Investing.com - U.S. coffee prices extended losses from the previous session on Wednesday to re-approach a five-week low hit earlier in the week, amid indications supplies might be on the rise despite uncertainties posed by drought in Brazil.
On the ICE Futures U.S. Exchange, Arabica coffee for July delivery dropped 1.12% to trade at $1.8498 a pound, during U.S. morning hours. Coffee lost 1.22% on Tuesday to settle at $1.8695 a pound.
Prices fell to $1.8275 a pound on Monday, the lowest since April 4, as the market continued to consolidate after a recent rally, which took prices to the highest level since February 2012.
Arabica prices climbed to a 26-month high of $2.1892 a pound on April 23, as drought conditions in key coffee-growing regions in Brazil was expected to curb output.
However, Brazil''s exports of unroasted coffee rose 15% this year through April, compared with the same stretch in 2013, as producers looked to take advantage of higher prices.
The exports came almost entirely from stockpiles, since growers started picking Arabica beans only in April.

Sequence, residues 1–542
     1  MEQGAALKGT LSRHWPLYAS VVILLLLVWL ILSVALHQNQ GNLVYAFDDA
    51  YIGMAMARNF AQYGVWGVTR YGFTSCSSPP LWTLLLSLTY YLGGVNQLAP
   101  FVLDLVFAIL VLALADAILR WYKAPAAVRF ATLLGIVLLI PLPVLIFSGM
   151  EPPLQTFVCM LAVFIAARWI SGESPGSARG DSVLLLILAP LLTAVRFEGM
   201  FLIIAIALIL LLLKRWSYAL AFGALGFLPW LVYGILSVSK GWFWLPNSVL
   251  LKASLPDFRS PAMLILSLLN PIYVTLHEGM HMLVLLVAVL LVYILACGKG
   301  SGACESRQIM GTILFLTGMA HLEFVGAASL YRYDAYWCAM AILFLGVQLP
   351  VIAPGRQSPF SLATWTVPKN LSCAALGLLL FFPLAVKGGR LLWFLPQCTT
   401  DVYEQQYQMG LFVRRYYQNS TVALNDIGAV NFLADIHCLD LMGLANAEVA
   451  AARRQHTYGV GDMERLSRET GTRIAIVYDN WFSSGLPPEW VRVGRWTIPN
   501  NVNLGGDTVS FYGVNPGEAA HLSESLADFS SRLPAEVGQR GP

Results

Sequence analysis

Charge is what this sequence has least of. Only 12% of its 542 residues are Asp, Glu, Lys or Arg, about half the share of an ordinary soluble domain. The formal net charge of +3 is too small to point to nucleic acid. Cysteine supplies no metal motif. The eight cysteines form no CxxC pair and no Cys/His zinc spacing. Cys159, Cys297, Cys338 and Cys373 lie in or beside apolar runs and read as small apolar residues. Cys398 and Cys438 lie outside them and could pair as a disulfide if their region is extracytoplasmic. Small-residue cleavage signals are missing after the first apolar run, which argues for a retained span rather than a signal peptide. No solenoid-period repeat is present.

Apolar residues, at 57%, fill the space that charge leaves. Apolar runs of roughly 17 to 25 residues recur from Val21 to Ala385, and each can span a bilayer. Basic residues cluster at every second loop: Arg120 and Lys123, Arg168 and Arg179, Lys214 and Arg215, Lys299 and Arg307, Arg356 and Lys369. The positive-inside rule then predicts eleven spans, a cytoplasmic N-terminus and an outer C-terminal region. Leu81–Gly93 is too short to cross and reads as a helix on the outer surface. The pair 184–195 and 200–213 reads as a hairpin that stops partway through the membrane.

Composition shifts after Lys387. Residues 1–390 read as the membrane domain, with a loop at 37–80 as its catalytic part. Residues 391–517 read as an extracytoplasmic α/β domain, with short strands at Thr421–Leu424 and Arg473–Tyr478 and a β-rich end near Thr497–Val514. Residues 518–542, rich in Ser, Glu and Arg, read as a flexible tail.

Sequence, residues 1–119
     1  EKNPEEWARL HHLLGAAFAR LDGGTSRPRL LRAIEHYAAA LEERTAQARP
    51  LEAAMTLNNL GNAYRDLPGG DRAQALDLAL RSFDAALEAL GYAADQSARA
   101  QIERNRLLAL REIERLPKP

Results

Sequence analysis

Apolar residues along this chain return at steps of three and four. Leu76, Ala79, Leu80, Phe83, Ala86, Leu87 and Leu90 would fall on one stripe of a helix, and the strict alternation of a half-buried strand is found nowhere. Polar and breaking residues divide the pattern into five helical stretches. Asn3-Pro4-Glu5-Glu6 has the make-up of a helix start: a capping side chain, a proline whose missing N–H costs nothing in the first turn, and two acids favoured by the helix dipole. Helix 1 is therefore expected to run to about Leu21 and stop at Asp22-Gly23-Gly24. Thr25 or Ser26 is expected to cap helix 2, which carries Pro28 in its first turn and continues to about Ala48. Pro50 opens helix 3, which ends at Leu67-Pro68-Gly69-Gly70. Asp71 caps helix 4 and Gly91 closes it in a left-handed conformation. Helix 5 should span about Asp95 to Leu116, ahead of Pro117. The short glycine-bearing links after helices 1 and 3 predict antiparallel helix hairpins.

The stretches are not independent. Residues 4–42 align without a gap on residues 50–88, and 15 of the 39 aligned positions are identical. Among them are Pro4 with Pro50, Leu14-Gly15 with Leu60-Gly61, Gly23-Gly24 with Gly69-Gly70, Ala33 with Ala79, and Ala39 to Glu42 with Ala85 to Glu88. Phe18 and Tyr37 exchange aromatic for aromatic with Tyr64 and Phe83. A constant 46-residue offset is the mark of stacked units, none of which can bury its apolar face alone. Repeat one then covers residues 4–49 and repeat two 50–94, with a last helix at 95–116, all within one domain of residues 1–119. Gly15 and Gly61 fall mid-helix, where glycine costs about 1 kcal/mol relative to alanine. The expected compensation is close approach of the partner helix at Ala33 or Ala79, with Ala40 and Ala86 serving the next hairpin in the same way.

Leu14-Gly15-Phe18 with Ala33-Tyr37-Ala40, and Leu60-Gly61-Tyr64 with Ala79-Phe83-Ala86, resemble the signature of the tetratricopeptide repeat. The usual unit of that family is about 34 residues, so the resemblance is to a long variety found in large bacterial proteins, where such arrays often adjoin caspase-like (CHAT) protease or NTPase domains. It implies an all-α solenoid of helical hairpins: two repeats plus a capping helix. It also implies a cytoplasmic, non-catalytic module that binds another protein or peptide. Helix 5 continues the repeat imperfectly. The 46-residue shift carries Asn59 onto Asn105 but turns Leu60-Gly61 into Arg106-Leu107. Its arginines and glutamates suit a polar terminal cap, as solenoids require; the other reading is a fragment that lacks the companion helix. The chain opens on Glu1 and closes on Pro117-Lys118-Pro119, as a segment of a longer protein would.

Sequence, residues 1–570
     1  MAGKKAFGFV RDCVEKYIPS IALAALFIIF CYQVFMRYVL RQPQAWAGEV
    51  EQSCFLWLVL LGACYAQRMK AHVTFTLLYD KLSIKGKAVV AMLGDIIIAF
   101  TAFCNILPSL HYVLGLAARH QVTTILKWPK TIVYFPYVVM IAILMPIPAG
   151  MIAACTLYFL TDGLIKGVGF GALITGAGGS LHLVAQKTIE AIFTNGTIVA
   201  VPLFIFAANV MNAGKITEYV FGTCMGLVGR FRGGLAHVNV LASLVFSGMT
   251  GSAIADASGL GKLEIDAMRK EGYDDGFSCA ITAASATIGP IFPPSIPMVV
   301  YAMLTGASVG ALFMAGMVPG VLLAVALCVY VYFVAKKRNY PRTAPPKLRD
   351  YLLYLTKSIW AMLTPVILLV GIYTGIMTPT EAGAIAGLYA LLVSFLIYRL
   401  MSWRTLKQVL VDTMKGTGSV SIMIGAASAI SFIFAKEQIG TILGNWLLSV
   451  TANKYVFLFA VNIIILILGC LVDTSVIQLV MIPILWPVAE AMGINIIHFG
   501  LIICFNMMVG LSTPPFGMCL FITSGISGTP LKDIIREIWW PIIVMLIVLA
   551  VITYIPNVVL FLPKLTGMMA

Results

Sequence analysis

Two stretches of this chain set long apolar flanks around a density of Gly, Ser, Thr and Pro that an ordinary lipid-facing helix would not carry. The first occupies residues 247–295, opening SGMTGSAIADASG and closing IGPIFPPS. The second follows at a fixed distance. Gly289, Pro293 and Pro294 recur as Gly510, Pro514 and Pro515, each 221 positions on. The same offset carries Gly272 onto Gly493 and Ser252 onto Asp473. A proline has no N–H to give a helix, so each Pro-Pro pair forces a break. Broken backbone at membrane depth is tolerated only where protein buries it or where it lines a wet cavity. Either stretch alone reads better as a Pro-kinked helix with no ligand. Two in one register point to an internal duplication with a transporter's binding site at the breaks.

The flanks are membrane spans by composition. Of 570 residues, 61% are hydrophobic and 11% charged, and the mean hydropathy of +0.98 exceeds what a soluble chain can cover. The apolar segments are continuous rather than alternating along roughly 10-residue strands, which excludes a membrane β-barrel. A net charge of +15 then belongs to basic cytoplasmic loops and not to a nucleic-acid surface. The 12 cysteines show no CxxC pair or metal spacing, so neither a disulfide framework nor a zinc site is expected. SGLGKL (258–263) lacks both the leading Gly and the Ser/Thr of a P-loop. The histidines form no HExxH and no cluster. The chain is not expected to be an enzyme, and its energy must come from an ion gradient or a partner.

Brazil is the world''s largest producer and exporter of Arabica coffee.
Elsewhere, U.S. sugar for July delivery advanced 0.67% to trade at $0.1796 a pound, the most since March 31. Prices of the sweetener surged 2.95% on Tuesday to settle at $0.1780 a pound, as investors continued to monitor crop and weather conditions in top grower Brazil.
Brazil is the world''s largest sugar producer and exporter, with the U.S. Department of Agriculture estimating the nation accounts for nearly 20% of global production and 39% of global sugar exports.
Meanwhile, U.S. cotton for July delivery jumped 1.05% to trade at $0.9189 a pound. The July cotton contract shed 0.41% on Tuesday to end at $0.9093 a pound.
According to the USDA, nearly 30% of the U.S. cotton crop was planted as of last week. The five-year average for this time of year is 34%.
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